Article originally in Bridges Spring ’19 edition
“ARTS AND TECH DON’T HAVE TO BE DIFFERENT CAREER TRACKS.”
– MARK BRENEMAN ‘02, GOOGLE UX DESIGNER
Yes, even the most mundane objects are now connected to the internet. Today, you can buy an internet-connected toaster, flip flops, and even hair dryers.
But these don’t represent the bulk of the “Internet of Things.” As a UX Designer (for “User Experience”) at Google Cloud IoT, MARK BRENEMAN ‘02 helps users manage not just dozens of internet-connected devices, but thousands and possibly millions. No one’s doing it well, he says: “It’s a tricky design problem to develop a user interface which will work for one device or one million devices.”
Breneman’s goal is to understand the challenges users face in keeping millions of devices connected and monitored simultaneously. He and his colleagues interview customers for which Google’s IoT interface might be relevant, including power companies, car manufacturers, electronics manufacturers, and even Google’s own hardware employees.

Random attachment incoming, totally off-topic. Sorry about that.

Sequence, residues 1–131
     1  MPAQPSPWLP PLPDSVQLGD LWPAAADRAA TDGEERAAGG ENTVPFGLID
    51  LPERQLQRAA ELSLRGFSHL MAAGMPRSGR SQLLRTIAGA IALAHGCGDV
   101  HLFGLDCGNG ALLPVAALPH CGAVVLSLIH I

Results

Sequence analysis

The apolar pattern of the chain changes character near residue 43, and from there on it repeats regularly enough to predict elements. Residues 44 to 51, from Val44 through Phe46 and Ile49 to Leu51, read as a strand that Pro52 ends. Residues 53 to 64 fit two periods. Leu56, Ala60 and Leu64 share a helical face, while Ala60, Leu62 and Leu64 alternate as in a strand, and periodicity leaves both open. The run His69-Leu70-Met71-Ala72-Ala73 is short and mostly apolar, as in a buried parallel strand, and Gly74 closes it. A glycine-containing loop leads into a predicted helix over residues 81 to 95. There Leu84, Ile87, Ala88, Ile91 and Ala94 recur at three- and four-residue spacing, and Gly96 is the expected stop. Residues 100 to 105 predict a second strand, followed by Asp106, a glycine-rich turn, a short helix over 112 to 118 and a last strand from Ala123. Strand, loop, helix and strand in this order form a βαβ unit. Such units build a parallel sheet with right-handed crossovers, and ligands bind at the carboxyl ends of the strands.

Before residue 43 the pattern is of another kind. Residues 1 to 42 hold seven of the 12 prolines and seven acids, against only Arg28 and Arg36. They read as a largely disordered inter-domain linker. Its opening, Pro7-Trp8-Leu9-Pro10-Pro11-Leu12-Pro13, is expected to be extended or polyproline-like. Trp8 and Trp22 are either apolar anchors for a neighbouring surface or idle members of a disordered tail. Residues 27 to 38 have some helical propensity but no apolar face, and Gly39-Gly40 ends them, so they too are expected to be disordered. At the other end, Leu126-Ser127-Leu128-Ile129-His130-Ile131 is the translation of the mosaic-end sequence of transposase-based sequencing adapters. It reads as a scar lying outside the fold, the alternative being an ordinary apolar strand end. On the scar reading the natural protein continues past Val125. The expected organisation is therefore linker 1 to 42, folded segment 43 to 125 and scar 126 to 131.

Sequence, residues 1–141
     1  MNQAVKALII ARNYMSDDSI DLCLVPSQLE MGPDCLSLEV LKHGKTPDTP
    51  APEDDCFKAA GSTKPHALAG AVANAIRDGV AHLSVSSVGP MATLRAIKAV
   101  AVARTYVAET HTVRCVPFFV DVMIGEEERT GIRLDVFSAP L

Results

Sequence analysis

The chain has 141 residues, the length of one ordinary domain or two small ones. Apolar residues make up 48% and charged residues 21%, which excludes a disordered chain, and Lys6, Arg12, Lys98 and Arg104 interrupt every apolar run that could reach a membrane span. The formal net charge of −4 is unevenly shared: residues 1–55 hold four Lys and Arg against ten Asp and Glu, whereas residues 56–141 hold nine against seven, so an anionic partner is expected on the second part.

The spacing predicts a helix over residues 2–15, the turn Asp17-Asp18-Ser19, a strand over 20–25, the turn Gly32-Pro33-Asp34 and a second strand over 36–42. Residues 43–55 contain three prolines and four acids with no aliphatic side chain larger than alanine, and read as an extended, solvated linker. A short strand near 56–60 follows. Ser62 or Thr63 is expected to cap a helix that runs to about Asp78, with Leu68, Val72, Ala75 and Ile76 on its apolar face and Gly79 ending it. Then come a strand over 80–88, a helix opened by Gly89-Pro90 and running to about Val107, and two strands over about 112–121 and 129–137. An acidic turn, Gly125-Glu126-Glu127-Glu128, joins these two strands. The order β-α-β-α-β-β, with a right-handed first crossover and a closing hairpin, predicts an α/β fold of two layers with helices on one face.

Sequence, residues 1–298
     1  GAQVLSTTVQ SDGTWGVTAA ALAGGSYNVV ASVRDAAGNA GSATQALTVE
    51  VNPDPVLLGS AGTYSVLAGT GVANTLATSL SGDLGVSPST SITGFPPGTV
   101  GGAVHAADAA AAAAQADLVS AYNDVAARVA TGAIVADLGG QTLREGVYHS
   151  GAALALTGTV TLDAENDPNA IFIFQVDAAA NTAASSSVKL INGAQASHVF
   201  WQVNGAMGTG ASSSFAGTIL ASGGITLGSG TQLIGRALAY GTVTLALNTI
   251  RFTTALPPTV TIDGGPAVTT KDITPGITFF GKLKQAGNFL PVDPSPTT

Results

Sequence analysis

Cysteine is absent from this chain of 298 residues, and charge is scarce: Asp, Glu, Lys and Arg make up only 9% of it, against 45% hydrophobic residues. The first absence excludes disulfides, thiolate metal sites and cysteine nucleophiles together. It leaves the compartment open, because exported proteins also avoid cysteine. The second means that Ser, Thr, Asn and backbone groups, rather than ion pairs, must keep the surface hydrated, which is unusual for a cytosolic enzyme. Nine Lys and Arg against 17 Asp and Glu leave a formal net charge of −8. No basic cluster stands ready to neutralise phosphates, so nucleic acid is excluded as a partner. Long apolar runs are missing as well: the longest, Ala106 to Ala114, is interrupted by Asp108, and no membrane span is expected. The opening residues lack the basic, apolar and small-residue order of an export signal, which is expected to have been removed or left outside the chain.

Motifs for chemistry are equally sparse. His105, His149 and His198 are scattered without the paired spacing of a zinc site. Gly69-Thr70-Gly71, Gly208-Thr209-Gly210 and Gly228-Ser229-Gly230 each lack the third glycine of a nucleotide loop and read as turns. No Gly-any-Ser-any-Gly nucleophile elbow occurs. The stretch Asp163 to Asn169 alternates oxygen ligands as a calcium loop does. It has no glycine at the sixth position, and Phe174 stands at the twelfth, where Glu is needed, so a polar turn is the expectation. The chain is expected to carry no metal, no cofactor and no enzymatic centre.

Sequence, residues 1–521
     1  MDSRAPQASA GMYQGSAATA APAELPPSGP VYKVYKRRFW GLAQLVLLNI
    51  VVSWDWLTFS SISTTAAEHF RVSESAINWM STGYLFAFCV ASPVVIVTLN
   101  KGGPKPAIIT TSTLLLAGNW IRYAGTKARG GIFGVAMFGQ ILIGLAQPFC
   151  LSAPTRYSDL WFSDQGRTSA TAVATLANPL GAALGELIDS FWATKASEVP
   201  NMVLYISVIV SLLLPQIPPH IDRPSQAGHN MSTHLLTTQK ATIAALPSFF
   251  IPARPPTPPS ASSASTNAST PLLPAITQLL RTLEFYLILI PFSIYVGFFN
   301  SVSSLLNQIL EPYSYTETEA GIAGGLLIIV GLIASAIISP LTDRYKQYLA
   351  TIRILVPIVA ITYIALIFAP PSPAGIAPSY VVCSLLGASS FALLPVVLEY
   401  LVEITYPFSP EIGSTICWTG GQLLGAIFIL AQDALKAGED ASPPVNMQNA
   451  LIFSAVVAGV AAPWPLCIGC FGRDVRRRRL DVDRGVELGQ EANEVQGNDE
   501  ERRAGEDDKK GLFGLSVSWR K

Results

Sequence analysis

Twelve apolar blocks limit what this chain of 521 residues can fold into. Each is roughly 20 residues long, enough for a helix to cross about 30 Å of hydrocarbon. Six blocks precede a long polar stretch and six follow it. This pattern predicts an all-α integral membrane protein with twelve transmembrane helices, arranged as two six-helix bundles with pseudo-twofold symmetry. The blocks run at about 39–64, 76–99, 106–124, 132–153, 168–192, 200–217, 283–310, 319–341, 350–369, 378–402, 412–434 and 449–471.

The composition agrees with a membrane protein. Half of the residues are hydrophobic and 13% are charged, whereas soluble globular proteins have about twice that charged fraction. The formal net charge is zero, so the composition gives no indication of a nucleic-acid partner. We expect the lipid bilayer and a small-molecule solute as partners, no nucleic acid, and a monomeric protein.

Breneman says Google’s commitment to innovation is part of what makes his work appealing: “There’s always room to try something without concern of failure. Google is ultra supportive and is all about encouraging employees to try new things and educate themselves. While I’m on Google Cloud IoT right now there’s always the potential to switch teams and work on an entirely new topic. Even if the product I’m working on gets dull I can always switch it up.” Mark has always been a tinkerer and creative, but he didn’t always know how he would marry the two interests in his career. He earned a BS in Mechanical Engineering from Northeastern (‘07) before going on to a Masters Degree in Professional Studies at NYU (‘13). He spent time as a design consultant with the consulting firm Smart Design, working on wide-ranging and sometimes nebulous creative projects like “re-imagining the bandaid” for Johnson & Johnson.
Now, he wants high school and college students to know that it is possible to combine your passions, even when the employment opportunities aren’t obvious. “Looking back, it often felt like you really had to choose between being in the arts or in math and sciences,” he says. “It felt like any of the design jobs out there were so few and far between that it was a tricky career to commit to. But that’s changed. Businesses are actively investing in design as a differentiator and know that designers are needed to improve their products.”
Mark lives in New York City with his wife, Stylist LAURA (BUCHEN) BRENEMAN ‘02, and two children.